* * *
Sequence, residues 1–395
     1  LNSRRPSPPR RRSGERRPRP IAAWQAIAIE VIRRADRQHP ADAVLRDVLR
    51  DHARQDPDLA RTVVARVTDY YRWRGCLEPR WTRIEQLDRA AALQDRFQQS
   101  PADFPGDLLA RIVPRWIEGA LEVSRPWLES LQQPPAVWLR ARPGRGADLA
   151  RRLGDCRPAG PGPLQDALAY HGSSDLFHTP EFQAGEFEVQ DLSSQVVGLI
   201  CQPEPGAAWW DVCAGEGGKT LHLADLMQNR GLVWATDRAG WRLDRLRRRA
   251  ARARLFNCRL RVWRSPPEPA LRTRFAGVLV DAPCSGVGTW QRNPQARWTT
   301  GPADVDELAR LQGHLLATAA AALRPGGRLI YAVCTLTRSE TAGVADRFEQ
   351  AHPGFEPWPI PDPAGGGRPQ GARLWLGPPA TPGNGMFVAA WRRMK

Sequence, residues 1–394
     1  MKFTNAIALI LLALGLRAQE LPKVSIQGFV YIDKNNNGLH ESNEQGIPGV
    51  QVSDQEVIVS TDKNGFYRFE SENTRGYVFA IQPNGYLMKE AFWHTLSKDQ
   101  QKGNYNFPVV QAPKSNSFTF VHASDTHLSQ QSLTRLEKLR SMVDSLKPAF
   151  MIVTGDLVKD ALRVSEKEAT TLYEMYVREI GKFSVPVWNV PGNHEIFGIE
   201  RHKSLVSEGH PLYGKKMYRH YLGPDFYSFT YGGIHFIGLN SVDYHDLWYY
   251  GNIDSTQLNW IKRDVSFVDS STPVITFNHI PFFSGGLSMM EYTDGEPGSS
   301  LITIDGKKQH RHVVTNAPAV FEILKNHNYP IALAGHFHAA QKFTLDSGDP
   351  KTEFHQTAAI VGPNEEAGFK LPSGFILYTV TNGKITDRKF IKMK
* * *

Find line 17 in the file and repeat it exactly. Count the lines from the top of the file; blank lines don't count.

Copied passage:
   301  LITIDGKKQH RHVVTNAPAV FEILKNHNYP IALAGHFHAA QKFTLDSGDP